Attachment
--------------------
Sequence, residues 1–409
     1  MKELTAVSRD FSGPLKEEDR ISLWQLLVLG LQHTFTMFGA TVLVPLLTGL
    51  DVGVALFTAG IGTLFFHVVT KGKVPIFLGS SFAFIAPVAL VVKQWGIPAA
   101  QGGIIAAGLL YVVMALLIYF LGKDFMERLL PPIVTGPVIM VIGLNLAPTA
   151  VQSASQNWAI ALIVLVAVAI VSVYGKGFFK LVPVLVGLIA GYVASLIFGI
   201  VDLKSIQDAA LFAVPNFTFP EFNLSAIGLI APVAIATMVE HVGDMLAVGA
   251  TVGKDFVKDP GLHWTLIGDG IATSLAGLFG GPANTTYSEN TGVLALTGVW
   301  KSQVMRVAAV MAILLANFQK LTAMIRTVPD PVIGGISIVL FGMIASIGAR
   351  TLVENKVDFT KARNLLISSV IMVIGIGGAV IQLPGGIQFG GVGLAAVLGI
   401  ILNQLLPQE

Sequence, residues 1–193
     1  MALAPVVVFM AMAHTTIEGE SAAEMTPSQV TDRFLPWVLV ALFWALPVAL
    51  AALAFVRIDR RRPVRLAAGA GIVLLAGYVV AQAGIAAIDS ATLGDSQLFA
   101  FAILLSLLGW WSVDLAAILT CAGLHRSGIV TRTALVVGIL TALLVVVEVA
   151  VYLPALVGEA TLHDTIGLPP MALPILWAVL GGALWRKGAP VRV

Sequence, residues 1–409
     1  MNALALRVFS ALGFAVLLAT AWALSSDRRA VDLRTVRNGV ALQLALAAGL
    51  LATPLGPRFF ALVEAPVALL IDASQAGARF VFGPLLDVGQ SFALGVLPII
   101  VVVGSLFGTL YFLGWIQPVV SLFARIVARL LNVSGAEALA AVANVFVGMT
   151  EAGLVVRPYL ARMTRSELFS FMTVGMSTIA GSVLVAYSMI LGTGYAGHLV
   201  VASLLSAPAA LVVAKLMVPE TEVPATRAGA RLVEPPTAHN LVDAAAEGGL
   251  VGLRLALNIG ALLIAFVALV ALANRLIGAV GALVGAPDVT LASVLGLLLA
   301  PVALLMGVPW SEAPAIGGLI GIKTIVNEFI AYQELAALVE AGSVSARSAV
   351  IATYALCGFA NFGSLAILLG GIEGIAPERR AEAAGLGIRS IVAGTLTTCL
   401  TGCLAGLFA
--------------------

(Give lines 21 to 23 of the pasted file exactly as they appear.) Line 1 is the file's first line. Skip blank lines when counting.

   201  VASLLSAPAA LVVAKLMVPE TEVPATRAGA RLVEPPTAHN LVDAAAEGGL
   251  VGLRLALNIG ALLIAFVALV ALANRLIGAV GALVGAPDVT LASVLGLLLA
   301  PVALLMGVPW SEAPAIGGLI GIKTIVNEFI AYQELAALVE AGSVSARSAV